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Take the outside main with the turnout and move it closer to the edge of the table. Widen the table a couple of inches if you have to.

Now you have room to move that turnout farther to the left to decrease the gradient.

The upper left curve on the outside main could come off the curve at a straighter angle and that would give you more spacing for the turnout a bit farther south. You could place that turnout on the outside main on that angled piece of track, that wouldn't be so angled. That would give you a lot more distance for the grade.

Your mainline tracks would not be parallel at that point though.
 

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Discussion Starter #23 (Edited)
Please excuse my beginner-ism's!! So if im understanding this right, did I modify the split correctly? Just hoping to get this right so when i have track in front of me, I have somewhat of a "something" to follow, as my brain doesnt work like y'alls :eek: . I have to figure out how to make that gradient too, this is all a 1st for me. Thanks again!!



**EDIT**

I just placed my 1st order of track to get something started. Think this will get a little something going? I forgot to order the 3ft sections of flex track, so ill get several boxes of that next order. In no rush, this will obviously be a several month to years project.

 

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Yes, but to make room for the turnout you should straighten the outside track on the left a bit and run it slightly away from the inner track.
 

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I didn't realize you have another thread dealing with a prospective track plan.

About grades:

In the real world, the prototype, it takes just over 3 times the horsepower to pull trailing tonnage up a 0.5% grade if keeping the same speed. Think about that. With each increase of a half-percent of grade, and desiring to keep to the timetable for trains in that district, the locomotive must generate a bit over three times the initial horsepower. This means a locomotive running on level tracks that encounters a 1% grade must generate six times the original horsepower if the engineer needs to lose no speed on the hill.

It's not much different in our scale models, believe it or not. For our models, though, power is rarely a factor. Instead, they don't weigh quite the same 'way' and they'll simply lose traction because the motor inside has enough torque to overcome the traction at some point. While not actually stalling on a grade, our model locomotives have enough power that when they lose traction they'll just spin. Spinning coated tires means they'll lose the nice shiny coating in a short time. So, the upshot is we have to consider the work we want the locomotives to actually do without losing traction due to high tonnages trailing or to excessive grades...or a combination of both. Most of us enjoy longish trains on a given layout, if they'll look okay, so we have to worry about excessive grades.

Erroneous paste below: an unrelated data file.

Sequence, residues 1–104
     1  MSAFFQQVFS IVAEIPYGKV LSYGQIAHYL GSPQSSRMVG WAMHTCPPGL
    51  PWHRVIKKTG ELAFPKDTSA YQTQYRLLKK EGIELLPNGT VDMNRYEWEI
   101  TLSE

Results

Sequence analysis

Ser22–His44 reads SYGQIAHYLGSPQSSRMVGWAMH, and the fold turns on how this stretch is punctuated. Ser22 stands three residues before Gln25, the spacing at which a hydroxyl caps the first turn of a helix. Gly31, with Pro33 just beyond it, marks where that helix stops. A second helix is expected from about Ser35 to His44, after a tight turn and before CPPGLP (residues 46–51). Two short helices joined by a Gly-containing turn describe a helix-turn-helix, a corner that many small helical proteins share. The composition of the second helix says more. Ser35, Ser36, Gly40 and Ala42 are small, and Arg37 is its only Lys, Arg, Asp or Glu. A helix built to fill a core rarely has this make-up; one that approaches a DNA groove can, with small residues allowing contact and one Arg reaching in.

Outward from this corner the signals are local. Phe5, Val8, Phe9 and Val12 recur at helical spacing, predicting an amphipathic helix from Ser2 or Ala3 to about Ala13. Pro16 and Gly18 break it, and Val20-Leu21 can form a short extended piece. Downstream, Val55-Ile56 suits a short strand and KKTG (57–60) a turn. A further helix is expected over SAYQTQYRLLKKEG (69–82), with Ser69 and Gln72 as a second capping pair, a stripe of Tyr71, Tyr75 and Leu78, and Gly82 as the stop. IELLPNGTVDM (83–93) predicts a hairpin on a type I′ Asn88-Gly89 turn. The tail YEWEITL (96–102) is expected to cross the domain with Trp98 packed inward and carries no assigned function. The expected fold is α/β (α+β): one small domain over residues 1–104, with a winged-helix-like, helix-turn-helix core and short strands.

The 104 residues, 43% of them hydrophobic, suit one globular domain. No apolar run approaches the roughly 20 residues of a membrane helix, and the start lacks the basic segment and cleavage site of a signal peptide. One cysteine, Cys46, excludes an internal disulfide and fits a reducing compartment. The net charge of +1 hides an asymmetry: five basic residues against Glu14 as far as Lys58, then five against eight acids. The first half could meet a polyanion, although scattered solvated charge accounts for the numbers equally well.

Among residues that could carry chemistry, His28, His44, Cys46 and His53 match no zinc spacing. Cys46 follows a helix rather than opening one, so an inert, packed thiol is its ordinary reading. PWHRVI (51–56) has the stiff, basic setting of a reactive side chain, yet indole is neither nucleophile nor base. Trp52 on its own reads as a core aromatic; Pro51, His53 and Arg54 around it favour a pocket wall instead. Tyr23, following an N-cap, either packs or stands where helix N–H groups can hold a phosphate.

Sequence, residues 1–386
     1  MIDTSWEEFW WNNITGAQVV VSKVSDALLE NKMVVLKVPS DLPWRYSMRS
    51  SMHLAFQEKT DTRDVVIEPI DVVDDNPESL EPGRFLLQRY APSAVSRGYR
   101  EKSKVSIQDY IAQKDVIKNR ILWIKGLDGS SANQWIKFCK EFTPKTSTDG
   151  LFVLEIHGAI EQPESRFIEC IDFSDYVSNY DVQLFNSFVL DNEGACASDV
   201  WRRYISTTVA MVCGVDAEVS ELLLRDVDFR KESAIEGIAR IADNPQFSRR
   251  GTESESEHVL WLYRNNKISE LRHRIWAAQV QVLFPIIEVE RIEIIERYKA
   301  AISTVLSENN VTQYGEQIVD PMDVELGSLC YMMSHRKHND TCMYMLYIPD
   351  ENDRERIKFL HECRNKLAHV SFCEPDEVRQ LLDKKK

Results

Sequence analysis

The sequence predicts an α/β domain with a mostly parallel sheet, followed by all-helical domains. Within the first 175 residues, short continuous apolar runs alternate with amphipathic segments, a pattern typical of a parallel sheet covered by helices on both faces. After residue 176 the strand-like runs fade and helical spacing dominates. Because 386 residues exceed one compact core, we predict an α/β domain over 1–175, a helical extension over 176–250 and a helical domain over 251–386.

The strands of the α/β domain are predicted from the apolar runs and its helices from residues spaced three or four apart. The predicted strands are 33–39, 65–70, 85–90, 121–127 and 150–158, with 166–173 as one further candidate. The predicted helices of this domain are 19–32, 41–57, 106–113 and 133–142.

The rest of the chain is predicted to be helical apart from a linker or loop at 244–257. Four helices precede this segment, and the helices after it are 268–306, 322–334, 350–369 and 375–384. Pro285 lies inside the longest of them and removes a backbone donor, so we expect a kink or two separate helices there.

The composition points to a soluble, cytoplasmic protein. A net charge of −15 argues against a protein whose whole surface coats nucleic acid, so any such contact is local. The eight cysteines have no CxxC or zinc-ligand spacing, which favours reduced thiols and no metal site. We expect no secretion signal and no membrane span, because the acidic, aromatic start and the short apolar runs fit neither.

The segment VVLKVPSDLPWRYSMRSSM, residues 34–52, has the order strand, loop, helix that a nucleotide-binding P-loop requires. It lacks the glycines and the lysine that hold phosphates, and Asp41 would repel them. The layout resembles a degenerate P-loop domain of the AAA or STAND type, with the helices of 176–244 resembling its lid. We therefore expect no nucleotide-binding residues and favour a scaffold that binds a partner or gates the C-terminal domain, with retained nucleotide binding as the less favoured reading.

That's one. Two is that you can't expect locomotives to climb into grades that are abrupt at the bottoms and at the tops, with a sharp change of angle. Instead, you need a gradual onset, what is called a vertical curve. Positive at the bottom of the grade, and negative at the top. These take some pains to fashion well enough that they work. Cookie cutter technique does this very well, and we can get into that in another topic or another post.

But, the point about vertical curves is that they start and end at 'zero'. They take up length. By taking up length twice on a curve, at the bottom and at the top, they cut short the distance between them that you can use at a reasonable rate of climb, the grade, to get the height you need. When you have tracks crossing over other, as you have in that initial plan, you need a minimum overhead clearance above the bottom rail tops for a supporting roadbed/bridge, whatever. Minimally, for modern double-stack containers on well cars, you're looking at about 23' or more, which you must factor in scale on your layout. So, when considering changing levels in a given space on a train layout and track plan, you have to keep in mind the vertical curves, thickness of the supporting structure overhead and where its bottom edges will be, and then how much higher still the rail tops on the structure itself will end up being so that it all works realistically and reliably. It could end up being an elevation change of close to 6" for the two rails in question. If you want to have longer trains, you'll need less severe grades, and less severe grades need longer 'runs' in order to stay reasonable and still attain the clearances you need for items rolling under the structure.


Let it not be said that this hobby doesn't afford its members amply opportunity to learn.....stuff.